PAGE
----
The other day a colleague was working on the localisation of a tweet and asked me “what would you say is traditional Italian Christmas dish?”. I gave him one answer, another colleague a different one, and he came up with another idea, too. What said “Christmas” to him wasn’t familiar at all to me, and the other way around. Italian traditions are so many and different that it’s hard to find a particular dish that’s typical everywhere (except for those mentioned in point 5, maybe). Obviously, traditions are hard to transpose, too. Christmas is a holiday celebrated in the Anglosaxon world, in Italy and in Spanish speaking countries- to mention only the places where my working languages are spoken- but everyone celebrates them differently. We all have Christmas tree and some typical carols, we all exchange presents and get together with family and friends and consume far too much food and drinks… but there are also so many differences that one might be surprised! Here is my list of top 5 issues one can encounter when translating about Christmas traditions.
1. Christmas dinner: In some parts of Italy, the celebration starts on the 24th with a succulent dinner; I’m from Rome and there, la vigilia (the eve) is quite a big deal! The food consumed is generally fish and in more religious households they would refrain from consuming meat on that day, as sign of penance and purification. In the Northern regions of Italy, the celebration is only on the 25th, as in the UK. On Christmas day, we don’t call it dinner: we gather for lunch, around 1pm, so we have more time to spend together, open the presents- and eat, of course!
2. The turkey: Again, in some parts of Italy, stuffed and roasted poultry is typical on Christmas day, whereas other don’t eat it all, such as in my case. Thanks to British and American Christmas & Thanksgiving movies, we are now used to conceive turkey as a festive dish, but you will not find endless series of articles about how to roast the perfect turkey in Italy. I know vegetarians in the UK might opt for a nut roast, but don’t even try to ask for it in Italy- or expect a blank stare in reply if you do. Christmas was a big festivity and in the past was one of the few occasion were eating meat was possible, so vegetarians are not really catered for on this occasion.
3. The sprouts: I love Brussel sprouts and I love all the little cards and sprout-themed fun gadgets you can find around this time of the year in the UK. The other day I was about to buy some cards to give to friends in Italy but then I thought they would not appreciate them, as this lovely little cabbage is not associated with Christmas at all in Italy, so it would have only seemed cute or quirky, but not Christmassy.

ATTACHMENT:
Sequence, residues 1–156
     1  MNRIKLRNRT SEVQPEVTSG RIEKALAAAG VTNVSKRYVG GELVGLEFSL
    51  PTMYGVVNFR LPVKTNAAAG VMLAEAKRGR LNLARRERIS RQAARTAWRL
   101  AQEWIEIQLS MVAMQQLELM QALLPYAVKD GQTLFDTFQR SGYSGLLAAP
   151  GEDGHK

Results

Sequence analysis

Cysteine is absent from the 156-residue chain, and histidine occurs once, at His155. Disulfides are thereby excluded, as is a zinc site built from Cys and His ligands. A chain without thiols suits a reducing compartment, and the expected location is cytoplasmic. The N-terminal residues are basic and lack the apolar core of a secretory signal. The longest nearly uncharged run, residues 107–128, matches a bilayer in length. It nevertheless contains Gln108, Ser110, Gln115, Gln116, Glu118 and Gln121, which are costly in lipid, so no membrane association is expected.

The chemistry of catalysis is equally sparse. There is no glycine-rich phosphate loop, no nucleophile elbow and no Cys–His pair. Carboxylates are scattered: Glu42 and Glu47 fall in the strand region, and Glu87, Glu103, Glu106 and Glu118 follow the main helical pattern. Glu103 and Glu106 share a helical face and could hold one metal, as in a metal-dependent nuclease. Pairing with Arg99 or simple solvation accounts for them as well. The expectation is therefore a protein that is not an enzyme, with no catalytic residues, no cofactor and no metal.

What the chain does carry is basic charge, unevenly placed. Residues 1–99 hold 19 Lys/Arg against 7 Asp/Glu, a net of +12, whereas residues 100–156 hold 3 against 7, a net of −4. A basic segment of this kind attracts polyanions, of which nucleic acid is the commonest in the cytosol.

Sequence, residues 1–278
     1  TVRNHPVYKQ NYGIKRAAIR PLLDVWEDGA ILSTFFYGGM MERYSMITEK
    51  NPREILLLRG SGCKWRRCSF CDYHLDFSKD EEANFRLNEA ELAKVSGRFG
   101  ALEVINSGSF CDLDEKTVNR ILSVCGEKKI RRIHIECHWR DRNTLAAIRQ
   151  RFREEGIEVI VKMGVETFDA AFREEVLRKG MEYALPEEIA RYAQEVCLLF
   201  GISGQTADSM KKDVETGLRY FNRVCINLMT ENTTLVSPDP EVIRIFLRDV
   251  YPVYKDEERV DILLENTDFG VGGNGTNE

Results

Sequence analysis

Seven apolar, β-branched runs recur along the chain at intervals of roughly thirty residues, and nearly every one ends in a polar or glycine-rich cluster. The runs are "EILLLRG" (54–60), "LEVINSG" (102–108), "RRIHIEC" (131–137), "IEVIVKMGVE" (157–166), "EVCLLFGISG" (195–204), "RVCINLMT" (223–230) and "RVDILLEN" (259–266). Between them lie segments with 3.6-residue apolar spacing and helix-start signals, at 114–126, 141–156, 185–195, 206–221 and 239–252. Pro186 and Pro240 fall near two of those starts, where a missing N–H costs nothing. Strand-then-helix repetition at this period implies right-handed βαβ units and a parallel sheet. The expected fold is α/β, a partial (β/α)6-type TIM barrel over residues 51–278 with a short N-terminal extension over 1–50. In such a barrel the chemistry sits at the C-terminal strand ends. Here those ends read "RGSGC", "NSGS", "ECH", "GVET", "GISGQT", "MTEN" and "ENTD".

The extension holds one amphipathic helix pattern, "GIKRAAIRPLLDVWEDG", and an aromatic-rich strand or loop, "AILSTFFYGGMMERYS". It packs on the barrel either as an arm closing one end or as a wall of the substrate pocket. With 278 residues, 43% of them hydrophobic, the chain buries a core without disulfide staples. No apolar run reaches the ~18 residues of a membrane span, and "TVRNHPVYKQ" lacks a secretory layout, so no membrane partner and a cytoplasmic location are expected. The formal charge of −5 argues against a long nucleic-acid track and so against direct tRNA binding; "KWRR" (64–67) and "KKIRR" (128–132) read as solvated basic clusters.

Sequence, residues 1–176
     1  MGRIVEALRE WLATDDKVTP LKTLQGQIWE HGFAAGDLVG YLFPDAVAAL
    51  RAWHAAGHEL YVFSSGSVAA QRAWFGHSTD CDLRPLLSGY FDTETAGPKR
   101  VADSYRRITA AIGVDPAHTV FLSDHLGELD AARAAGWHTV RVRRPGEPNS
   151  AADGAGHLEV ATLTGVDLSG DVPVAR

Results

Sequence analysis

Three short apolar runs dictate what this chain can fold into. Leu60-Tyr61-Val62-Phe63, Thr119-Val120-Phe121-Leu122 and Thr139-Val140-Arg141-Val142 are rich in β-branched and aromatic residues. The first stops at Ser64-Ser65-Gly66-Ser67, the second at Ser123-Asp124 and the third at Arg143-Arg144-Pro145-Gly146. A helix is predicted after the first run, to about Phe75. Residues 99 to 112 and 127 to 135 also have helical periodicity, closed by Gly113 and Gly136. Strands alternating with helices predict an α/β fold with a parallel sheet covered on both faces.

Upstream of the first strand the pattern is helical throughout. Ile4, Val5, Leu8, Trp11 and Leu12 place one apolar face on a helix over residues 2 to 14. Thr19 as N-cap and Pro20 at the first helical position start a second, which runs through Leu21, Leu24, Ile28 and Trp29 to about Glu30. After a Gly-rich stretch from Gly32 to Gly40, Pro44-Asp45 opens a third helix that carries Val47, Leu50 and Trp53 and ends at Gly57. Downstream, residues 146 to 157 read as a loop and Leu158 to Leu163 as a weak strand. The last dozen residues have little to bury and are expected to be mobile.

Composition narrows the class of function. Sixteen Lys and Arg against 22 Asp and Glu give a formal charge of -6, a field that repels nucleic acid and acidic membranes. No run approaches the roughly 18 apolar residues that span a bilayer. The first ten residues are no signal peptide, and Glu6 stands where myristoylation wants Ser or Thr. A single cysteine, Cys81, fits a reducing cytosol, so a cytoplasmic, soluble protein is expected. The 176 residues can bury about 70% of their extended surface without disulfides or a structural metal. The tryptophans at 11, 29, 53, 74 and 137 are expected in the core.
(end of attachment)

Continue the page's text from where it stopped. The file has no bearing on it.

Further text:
4. All the trimmings: Bread sauce appears to be a UK delicacies nobody else understands outside of this country, so it’s obviously not known in Italy; for those who do turkey or roasted meat there’s not such a passion for gravy, either, and other sauces are used in its place, such as salsa verde or mostarda. Much to my disappointment, cranberries are not a local fruit and there’s not a cranberry sauce in sight; the translation for cranberry is also a bit weird as it is called mirtillo rosso (literally “red blueberry”), but to be honest, I have ve never heard anyone referring to it. Another big unknown is the parsnip, whose Italian translation is pastinaca; I have never seen it in a market or supermarket as it is not traditional nor imported, and if you ask for a pastinaca in a supermarket they would probably not know what it is.
5. Christmas puddings & mince pies: Christmas pudding is quite a dramatic dessert and its round shape topped with cream and holly is one of the most quintessential images of a British Christmas, as are mince pies. As you can guess, there’s nothing like it in Italy, where we tend to gravitate towards more cakey desserts; although there’s an endless variety of them, typical to each village or town, the ones that you can find throughout the country are the panettone (from Milan, a brioche-like dough enriched with raisins and candied peels) and the pandoro (a buttery cake topped with icing sugar, from Verona). They are probably the most similar thing we have to a national traditional Christmas food.
Bonus: the Christmas crackers. There’s no British Christmas party without them, but the first time I came across one I was totally puzzled. Cracking them is fun, but the jokes are honestly cringeworthy!
The translation of these words and concepts, as ever, depends on the context: do we have time or space to insert a note and explain what they are? The real accurate meaning of it is not relevant, so we can come up with the best possible translation, even neutralising them (ie. translating “Christmas pudding” as “dessert”)? The most important thing is to evoke a feeling or an idea, so it’s better to localise them, and maybe substitute “Christmas pudding” with “panettone”? We just need to be aware of the different implications the words we translate might have in a different culture, and balance their impact according to the communicative purpose.
Don’t you feel uber- festive already? Don’t be naughty: share this, or I might tell Santa!